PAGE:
In his message, Jeremiah urged Judah not to resist Babylon but to surrender. He indicated that by peaceable surrender the nation could escape more pain and death for its’ inhabitants, and possibly could avoid the destruction of both their temple and city. However, Jeremiah’s message was rejected and false prophets assured the nation that the fate Jeremiah predicted would not be their lot. They would escape as they had so many times in years before. Jeremiah’s words were true, however, and Judah was carried into captivity.
Still, while exile was inevitable, there was a rainbow promised them: the exile would not be permanent, they would return to their homeland and God revealed how long their bondage would be. Thus we read “and the whole land shall be a desolation, an astonishment and the nation shall serve the king of Babylon seventy years” (Jer. 25:11). Coupled with the prophecy from chapter 25 is the comforting one giving in chapter 29:10-11: “Áfter seventy years are accomplished for Babylon, I will visit you, and perform my good word toward you, in causing you to return to this place. For I know the thoughts that I think toward you, saith Jehovah, thoughts of peace, and not of evil, to give you hope in your latter end.”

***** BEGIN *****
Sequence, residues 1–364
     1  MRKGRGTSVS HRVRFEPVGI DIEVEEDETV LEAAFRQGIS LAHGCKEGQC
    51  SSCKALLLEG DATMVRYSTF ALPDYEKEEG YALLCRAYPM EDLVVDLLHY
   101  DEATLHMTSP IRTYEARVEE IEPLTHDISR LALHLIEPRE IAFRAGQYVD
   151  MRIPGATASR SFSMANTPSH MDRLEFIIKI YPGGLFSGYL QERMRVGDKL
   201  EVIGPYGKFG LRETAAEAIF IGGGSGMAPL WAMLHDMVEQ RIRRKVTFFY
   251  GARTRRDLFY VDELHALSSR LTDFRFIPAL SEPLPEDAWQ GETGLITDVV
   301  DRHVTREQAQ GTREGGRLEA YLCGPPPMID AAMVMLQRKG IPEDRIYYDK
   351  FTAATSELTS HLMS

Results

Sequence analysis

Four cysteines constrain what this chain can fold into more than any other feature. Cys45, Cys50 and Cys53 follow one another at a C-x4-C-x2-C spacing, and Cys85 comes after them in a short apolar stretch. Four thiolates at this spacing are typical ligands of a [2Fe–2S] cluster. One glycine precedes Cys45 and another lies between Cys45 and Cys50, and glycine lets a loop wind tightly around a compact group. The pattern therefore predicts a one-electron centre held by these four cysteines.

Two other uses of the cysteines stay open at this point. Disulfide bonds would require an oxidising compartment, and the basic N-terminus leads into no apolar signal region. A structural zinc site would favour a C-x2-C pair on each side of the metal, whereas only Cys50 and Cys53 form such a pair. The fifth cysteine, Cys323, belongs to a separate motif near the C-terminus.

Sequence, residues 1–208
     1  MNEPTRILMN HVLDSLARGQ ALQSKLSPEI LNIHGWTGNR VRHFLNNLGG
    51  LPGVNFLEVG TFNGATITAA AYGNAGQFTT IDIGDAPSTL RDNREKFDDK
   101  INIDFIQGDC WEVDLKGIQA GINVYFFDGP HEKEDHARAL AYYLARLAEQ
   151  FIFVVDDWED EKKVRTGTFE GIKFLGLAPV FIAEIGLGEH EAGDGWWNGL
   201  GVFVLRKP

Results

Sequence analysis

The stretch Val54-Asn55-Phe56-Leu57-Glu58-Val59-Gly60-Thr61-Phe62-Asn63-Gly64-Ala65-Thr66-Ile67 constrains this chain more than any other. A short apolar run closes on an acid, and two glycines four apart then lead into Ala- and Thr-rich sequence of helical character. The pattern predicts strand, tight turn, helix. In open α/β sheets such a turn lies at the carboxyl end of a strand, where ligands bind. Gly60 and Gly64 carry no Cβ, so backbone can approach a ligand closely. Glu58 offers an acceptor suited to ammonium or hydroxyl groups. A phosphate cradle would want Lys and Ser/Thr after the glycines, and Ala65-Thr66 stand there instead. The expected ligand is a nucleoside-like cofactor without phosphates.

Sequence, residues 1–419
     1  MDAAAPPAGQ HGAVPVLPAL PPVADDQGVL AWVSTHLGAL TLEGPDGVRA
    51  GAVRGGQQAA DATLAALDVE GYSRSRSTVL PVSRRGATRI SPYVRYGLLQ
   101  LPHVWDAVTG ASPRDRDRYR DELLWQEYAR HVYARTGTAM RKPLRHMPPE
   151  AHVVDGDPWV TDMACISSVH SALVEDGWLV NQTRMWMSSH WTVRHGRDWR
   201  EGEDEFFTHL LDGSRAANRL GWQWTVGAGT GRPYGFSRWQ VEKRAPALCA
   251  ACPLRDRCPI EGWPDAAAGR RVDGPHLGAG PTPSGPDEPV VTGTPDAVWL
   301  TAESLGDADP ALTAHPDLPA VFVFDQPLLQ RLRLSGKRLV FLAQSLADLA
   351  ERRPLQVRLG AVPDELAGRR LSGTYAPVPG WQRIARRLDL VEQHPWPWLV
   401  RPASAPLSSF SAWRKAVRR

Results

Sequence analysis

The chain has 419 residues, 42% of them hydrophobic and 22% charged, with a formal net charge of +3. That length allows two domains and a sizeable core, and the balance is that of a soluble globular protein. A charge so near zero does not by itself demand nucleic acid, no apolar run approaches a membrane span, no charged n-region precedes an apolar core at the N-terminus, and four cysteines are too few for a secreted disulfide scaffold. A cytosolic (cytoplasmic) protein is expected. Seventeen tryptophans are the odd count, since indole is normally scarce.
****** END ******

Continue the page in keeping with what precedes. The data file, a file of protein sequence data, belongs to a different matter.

There was also another promise the Jews could look forward to. Jerusalem would be destroyed but after a time she would be rebuilt. However, Babylon, her oppressor and slave master, would suffer a similar fate. She too would be destroyed, but unlike Jerusalem which would be rebuilt, Babylon would never be rebuilt! “Thou shalt be desolate forever, saith Jehovah” (Jer. 51:26). And, to emphasize the certainty of that prophecy, one of the most unusual but graphic illustrations was acted out by a messenger of Jeremiah, named Seraiah, to illustrate that prediction. Jeremiah sent Seraiah to Babylon with the prophecy and other proclamations against the city written in a book, and Seraiah was to publicly read the Lord’s pronouncement. Then, as he stood by the river Euphrates, he was to tie a stone to the scroll from which he had read and cast it into the river and say, “Thus shall Babylon sink, and shall not rise again” (Jer. 51:63-64).
Seraiah did as Jeremiah instructed. Jerusalem had not been destroyed at the time Seraiah read the prophecy against Babylon, but in a few short years would be. But she was rebuilt and exists today. And Babylon? She was a thriving, bustling city, the capital of the world at that time. Where is she today? She is gone forever. “So shall my word be that goeth forth from my mouth: it shall not return unto me void, but It shall accomplish that which I please and prosper in the thing whereunto I sent it” (Isa. 55:11). Such is our evidence 2,600 years after Jeremiah’s prediction that “Forever O Lord, Thy word is settled in heaven” (Psa. 119:89).